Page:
TAKE NOTICE THAT a Special General Meeting of the members of
The Alma Mater Society of the University of British Columbia will be
held:
AT THE STUDENT UNION BUILDING BALLROOM
ON THURSDAY THE 18TH DAY
OF JANUARY, 1979
AT 12:30 O'CLOCK IN THE AFTERNOON.
AND THAT it is intended to propose the following resolution as a
special resolution.
The proposed special resolution proposes amendment? to the Constitution and By-laws of the Society and must therefore, pursuant to
the provisions of the Societies Act, be passed in general meeting by a
majority of not less than 75% of those members of the Society who,
being entitled to do so, vote in person at a meeting the quorum for
which is set by By-law 23(1) (a) as 10% of the active members of the
Society (as defined by By-law 2(a)) who are day members.
THE PROPOSED AMENDMENTS TO THE CONSTITUTION AND BYLAWS ARE POSTED AT ALL UNDERGRADUATE SOCIETY OFFICES
(NEXT WEEK) AND AT THE AMS BUSINESS OFFICE (SUB ROOM
266), AND ARE ALSO AVAILABLE ON REQUEST FROM THE AMS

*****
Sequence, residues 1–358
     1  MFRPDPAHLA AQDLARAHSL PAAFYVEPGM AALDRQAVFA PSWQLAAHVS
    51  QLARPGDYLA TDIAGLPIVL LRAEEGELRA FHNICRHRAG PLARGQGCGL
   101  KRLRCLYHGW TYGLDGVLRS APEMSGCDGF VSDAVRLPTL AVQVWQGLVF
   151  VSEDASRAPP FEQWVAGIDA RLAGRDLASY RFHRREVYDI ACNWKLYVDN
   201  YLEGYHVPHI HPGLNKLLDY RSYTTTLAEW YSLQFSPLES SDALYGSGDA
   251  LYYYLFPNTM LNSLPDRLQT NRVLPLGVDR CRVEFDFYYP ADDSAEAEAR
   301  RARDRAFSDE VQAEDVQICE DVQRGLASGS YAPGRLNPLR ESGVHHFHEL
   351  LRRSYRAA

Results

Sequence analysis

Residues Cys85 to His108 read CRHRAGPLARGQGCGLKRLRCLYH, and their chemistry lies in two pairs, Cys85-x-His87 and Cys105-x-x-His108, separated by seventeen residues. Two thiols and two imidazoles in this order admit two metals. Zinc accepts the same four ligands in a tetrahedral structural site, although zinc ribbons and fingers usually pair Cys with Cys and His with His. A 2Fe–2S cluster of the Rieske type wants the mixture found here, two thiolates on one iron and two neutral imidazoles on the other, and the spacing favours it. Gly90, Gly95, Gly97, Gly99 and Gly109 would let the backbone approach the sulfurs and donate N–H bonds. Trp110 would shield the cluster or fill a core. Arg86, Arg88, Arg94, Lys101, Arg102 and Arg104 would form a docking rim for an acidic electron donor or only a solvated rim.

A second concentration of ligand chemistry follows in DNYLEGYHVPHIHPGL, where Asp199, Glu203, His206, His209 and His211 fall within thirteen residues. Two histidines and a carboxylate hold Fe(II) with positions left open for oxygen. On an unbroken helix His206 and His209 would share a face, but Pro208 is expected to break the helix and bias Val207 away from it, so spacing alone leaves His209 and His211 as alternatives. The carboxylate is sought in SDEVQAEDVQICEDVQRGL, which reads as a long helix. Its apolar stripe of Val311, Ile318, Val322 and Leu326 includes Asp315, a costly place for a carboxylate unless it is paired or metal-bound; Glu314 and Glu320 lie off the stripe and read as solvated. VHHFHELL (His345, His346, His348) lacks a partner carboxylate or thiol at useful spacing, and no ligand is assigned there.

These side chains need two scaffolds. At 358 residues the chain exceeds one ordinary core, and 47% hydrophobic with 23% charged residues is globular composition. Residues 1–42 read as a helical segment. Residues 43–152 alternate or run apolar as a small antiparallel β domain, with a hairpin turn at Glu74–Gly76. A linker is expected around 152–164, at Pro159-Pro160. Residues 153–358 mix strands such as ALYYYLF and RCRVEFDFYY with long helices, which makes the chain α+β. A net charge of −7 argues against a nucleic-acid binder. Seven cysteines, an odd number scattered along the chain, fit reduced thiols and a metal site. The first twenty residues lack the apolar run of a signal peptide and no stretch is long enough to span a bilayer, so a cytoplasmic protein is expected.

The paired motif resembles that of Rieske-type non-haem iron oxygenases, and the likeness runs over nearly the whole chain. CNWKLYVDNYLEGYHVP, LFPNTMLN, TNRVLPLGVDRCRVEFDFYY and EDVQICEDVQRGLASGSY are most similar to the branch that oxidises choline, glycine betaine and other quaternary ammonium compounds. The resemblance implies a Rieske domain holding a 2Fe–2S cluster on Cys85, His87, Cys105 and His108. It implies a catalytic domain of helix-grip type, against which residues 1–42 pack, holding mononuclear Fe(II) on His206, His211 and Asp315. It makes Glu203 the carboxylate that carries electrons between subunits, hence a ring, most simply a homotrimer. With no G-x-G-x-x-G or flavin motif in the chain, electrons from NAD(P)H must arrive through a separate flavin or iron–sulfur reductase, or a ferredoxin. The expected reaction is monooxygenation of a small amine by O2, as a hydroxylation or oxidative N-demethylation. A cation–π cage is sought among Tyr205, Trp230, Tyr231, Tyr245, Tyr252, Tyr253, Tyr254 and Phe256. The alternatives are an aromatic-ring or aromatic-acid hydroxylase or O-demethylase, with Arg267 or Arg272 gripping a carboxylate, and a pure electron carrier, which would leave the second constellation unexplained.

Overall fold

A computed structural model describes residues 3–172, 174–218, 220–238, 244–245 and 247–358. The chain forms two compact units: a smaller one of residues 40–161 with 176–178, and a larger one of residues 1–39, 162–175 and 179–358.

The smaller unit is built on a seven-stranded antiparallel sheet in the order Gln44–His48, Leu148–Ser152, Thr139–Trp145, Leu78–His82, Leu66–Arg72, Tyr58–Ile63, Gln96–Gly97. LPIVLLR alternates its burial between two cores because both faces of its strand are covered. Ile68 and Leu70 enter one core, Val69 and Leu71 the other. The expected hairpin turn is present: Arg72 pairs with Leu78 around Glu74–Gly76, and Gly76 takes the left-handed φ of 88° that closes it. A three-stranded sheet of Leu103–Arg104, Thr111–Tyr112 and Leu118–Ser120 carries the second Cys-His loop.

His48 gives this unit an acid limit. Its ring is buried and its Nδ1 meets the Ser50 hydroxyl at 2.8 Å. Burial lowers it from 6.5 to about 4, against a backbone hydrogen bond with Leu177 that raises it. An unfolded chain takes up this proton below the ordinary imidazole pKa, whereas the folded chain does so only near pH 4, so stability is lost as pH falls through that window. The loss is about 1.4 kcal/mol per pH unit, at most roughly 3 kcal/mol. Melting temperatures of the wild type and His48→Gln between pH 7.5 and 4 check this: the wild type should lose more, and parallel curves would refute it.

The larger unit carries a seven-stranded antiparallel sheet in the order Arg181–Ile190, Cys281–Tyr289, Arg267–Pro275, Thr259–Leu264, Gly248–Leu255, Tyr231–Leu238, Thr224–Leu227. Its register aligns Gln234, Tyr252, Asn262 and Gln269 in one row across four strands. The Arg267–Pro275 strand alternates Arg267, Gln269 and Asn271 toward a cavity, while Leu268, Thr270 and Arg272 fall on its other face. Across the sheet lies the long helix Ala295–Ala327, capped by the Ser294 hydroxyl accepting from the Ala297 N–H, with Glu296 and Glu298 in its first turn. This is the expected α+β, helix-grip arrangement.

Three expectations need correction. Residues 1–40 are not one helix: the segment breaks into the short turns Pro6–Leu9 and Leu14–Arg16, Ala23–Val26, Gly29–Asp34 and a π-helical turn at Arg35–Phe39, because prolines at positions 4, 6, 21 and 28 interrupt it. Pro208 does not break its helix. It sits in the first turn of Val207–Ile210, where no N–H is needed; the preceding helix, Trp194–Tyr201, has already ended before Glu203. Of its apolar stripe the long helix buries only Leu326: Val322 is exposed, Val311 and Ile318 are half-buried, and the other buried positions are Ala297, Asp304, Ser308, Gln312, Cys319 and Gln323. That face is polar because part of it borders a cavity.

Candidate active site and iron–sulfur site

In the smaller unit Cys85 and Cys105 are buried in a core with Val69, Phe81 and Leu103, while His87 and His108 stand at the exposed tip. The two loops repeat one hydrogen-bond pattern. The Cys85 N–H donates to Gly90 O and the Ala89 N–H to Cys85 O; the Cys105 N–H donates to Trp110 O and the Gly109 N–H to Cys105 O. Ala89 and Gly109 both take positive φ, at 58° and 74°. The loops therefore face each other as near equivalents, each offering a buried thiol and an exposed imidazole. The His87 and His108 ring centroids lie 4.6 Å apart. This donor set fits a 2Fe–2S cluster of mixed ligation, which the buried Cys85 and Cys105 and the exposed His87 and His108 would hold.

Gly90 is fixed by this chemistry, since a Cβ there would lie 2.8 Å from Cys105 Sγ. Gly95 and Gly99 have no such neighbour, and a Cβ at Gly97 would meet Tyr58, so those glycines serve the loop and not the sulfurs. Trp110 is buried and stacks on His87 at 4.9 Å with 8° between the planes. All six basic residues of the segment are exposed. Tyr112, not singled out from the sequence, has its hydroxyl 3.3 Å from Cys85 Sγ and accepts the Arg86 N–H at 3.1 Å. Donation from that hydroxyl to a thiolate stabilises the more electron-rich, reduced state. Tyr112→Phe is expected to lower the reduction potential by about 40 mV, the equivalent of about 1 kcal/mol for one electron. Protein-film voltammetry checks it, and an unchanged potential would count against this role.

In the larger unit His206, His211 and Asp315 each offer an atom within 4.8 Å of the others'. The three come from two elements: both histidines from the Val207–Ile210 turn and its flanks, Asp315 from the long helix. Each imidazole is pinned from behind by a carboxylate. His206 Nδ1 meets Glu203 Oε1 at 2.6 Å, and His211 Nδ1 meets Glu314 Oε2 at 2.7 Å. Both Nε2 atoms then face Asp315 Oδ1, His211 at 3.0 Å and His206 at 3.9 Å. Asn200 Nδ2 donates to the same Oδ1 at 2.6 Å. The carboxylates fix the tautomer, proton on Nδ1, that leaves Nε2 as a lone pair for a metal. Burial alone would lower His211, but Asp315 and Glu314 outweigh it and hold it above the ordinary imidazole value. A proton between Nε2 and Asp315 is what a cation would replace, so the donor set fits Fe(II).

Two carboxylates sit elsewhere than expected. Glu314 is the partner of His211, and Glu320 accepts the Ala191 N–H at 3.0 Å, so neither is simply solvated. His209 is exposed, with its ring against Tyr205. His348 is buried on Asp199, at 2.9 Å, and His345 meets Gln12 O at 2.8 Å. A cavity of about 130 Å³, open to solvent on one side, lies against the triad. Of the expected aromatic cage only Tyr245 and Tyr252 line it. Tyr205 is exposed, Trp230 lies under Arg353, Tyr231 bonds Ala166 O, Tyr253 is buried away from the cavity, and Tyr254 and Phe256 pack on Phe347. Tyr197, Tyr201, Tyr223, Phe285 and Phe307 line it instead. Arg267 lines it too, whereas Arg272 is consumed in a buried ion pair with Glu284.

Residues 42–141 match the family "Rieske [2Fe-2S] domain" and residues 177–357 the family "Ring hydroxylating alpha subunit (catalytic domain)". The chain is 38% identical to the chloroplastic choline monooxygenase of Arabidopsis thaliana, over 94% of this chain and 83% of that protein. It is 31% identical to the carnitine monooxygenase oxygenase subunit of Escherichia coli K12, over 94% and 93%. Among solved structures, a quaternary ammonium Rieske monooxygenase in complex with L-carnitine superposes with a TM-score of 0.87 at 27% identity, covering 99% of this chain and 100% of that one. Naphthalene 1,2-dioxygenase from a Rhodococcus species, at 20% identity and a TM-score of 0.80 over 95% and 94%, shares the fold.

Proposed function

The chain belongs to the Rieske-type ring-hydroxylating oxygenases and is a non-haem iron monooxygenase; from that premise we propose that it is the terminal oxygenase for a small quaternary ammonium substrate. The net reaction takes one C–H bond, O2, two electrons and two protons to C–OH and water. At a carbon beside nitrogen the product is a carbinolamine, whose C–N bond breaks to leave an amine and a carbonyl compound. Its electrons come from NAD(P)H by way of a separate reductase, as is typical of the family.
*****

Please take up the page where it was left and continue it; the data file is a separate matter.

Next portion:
SECRETARY/TREASURER. NO OTHER PROPOSED AMENDMENTS
TO THE CONSTITUTION AND/OR BY-LAWS OF THE SOCIETY MAY
BE CONSIDERED AT THIS SPECIAL GENERAL MEETING UNLESS
SUCH AMENDMENTS ARE INITIATED IN ACCORDANCE WITH BYLAW 23(2) AND NOTICE SPECIFYING THE INTENTION TO PROPOSE A SPECIAL RESOLUTION PROPOSING SUCH OTHER AMENDMENTS. TOGETHER WITH THE PROPOSED AMENDMENTS. IS
POSTED IN A CONSPICUOUS PLACE IN EACH CONSTITUENCY
AND PUBLISHED IN THE UBYSSEY NOT LESS THAN 14 DAYS
PRIOR TO THE DATE OF THE MEETING (in the calculation of which
time period the date of giving the notice and the date of the meeting
is excluded).
In order to vote at the meeting a member must be an active member,
and produce a valid student card so identifying the member.
Dated this 23rd day of November. 1978.
-''l.m ^civ -<-.(—if-vi lv
AMS Secretary-Treasurer
223-2050/SUB Room 250
FAMOUS
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24 HR. SHOWTIME INFORMATION — 681-4255     j
WARNING: May ya.a. folk
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DENMAN PLACE
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1:30, 3:25, 5:25, 7:25, 9:25
 DOWNTOWN	
965 GRANVILLE 685 6725
"MESSAGE
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Cap   2:45. 4:55, 7:05, 9:20
Richmond 7:30.9:30
NO MATINEES
WARNING: Some gory scenes-
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THE BOYS
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if they survive...will we?
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HEAVEN CAN WAIT
CAP — 2:00, 4:00, 6:00, 8:00, 10:00
LOUGHEED MALL — 7:20. 9:15 — Mats. Sal. Sun  2:15
2:00, 4:30, 7:00, 9:40